Kitchen Garden Guides

Monday, January 24, 2011

Organic vegetables, with added oil and food miles

Are we home gardeners getting away from the real meaning of organic? Should it mean just that our peas or the apples are grown organically and therefore is it ok to disregard the fact that they were grown in a plastic house, fed by water in plastic pipes, labelled with plastic labels and stored in plastic bags ?

Plastic is made from oil, mostly in places far away from where we live. We cannot legitimately say we are reducing food miles if the produce is raised in plastic houses. I even disagree with calling such food "organic" and free of artificial chemicals when so many chemicals have been used in its manufacture through the production of plastic.

I don't want to upset people who have just invested time and money in setting themselves up with a poly house and I understand that glass can be more expensive and certainly more time-consuming to construct, but there is a limit to how much plastic you can use and still call your food organic, I think.

Living in Tasmania now, I fully understand why a bit of extra help with getting things going and producing before the end of summer comes, is so necessary but, oh lalalala, isn't there another way? And I did not believe that the mad scheme of the South Australia government's to fill everyone's gardens with hundreds of metres of plastic drip irrigation was an intelligent way of dealing with a water shortage primarily caused by very poor government regulation on water licenses along the Murray River!

If we are truly seriously trying to live a greener life by growing our own, organic food we MUST stop investing in oil-based props to do so and, in fact, to do most things in our lives. Of course there are always compromises and I am as guilty as anyone else at not always taking the greenest option on things. Anyway, here are some of my ideas:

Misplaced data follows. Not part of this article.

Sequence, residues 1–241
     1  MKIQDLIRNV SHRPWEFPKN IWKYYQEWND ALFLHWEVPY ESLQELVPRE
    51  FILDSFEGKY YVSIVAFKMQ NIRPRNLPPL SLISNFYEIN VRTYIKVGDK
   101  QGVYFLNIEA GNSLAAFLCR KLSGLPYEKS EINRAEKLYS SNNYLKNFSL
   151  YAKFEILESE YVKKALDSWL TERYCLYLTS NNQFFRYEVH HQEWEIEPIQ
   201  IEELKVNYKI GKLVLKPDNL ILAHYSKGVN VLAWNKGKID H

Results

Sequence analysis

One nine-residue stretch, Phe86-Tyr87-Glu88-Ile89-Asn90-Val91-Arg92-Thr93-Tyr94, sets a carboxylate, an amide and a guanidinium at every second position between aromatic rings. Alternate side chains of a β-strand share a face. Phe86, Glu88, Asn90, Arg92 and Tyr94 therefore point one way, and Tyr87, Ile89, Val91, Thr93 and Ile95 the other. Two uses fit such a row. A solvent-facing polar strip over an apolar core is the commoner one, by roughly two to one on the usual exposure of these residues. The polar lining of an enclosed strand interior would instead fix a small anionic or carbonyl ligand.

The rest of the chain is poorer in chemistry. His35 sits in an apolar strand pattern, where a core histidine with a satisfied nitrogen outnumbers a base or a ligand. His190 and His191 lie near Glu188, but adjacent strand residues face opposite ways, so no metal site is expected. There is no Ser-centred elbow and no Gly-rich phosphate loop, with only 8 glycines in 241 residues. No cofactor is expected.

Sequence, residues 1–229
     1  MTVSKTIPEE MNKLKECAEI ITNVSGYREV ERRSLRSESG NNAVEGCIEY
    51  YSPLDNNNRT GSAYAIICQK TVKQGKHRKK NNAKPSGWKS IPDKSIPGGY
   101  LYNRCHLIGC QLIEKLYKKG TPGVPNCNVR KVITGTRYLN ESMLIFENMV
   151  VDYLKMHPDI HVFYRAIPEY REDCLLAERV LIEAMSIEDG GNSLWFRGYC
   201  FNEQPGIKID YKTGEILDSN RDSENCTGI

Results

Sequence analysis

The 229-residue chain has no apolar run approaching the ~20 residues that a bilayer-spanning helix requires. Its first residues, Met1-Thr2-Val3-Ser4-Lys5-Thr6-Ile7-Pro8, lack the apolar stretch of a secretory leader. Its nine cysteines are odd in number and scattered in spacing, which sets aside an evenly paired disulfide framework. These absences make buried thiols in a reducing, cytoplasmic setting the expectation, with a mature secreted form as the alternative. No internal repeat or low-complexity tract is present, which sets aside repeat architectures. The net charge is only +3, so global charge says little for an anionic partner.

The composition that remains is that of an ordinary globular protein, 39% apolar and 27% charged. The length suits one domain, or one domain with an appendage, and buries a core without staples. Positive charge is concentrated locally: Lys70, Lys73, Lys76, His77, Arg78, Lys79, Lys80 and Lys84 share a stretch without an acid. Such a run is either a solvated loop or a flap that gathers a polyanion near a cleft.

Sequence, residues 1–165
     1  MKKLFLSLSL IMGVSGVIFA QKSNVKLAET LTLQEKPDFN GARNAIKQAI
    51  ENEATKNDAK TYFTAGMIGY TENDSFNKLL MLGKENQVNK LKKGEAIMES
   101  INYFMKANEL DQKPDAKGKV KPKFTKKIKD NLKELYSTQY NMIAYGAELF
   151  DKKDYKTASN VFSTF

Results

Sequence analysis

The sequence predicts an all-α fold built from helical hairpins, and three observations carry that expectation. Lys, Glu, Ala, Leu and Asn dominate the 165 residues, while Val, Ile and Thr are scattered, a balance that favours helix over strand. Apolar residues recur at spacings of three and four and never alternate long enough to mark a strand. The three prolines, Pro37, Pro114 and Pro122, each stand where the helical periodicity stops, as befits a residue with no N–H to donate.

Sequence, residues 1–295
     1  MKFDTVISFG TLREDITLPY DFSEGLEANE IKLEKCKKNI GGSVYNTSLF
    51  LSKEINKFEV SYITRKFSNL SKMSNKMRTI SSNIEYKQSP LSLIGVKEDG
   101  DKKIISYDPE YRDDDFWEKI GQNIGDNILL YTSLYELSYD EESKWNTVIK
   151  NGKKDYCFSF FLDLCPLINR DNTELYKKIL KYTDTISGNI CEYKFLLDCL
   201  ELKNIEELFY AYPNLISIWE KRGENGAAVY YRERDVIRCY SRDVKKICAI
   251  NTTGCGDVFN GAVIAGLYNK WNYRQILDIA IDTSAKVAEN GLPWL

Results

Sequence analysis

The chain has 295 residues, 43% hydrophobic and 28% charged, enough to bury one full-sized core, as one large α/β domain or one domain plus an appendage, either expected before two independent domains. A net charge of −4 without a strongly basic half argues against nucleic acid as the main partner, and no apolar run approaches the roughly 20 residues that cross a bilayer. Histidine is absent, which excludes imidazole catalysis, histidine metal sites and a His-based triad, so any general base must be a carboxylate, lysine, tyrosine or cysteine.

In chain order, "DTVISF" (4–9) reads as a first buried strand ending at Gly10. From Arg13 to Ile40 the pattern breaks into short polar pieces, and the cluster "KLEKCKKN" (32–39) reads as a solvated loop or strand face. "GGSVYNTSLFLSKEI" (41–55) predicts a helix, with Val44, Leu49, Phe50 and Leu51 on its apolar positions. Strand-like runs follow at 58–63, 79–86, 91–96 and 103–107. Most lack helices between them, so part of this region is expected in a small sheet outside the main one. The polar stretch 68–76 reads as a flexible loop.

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Find old windows before you start making your hothouse frame. Think outside the square and not follow some pre-conceived idea you have about what shape a glasshouse should be. I recommend collecting as many louvres as possible so you have ultimate control over the air flow and temperature... or putting hinges on old windows you find, or using sliding windows.

(Photos from Garden Web)

Greenhouse, coldframe and veggie garden.Also on Garden Web is this fabulous one and all the details on how they did it:

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I am hatching a plan..... making use of a little studio I have already..... thinking, thinking...  always outside the square. (I have never understood that square and didn't even know there was one until a few years ago!)

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Here is my little studio which, oddly, has south facing windows but a roof that slopes north.... so.... if I were to remove the overhanging buddleia and build a glass section on the northern side, I'd have THE most perfect glass house and potting shed all in one!

 

 

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A Pickle update.....

Pickle is scanning the garden for rabbits. His feet are actually on the outside window ledge! Such simple pleasures.

9 comments:

Daffodil said...

We have a 3m long set of windows just begging to be built as part of a hothouse. When time permits and our strawbale house is finished, that will be our next project to be undertaken. We found it on eBay for the princely sum of $1.00 and even then seller refused to take payment for it. They were happy to be rid of it.